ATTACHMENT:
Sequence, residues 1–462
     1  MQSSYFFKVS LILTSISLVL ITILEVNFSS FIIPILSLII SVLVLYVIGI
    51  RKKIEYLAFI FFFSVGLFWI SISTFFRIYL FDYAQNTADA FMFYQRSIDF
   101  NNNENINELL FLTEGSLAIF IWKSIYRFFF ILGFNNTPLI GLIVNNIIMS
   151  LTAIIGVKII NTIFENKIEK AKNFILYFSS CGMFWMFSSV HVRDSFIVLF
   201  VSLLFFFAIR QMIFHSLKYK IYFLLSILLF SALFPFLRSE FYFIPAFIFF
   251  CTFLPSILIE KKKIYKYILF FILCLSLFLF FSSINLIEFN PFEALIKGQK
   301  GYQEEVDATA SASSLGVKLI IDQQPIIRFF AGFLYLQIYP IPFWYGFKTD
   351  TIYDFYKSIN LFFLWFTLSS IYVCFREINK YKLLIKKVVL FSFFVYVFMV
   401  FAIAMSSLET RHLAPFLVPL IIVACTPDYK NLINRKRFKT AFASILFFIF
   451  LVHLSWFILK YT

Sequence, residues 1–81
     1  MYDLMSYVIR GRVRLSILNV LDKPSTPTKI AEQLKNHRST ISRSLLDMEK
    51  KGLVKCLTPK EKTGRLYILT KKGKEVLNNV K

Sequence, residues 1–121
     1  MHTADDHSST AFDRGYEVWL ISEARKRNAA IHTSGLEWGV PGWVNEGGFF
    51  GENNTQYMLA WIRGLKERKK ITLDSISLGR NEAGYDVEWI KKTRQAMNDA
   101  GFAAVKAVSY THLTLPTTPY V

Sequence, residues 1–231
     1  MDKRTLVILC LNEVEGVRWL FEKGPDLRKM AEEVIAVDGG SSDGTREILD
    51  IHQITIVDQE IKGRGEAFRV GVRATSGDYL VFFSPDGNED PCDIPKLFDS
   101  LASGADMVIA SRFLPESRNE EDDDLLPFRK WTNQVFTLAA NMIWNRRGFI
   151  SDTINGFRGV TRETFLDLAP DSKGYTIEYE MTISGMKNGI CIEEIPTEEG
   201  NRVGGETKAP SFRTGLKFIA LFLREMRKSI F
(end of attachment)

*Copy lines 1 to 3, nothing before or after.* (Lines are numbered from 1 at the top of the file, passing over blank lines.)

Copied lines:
Sequence, residues 1–462
     1  MQSSYFFKVS LILTSISLVL ITILEVNFSS FIIPILSLII SVLVLYVIGI
    51  RKKIEYLAFI FFFSVGLFWI SISTFFRIYL FDYAQNTADA FMFYQRSIDF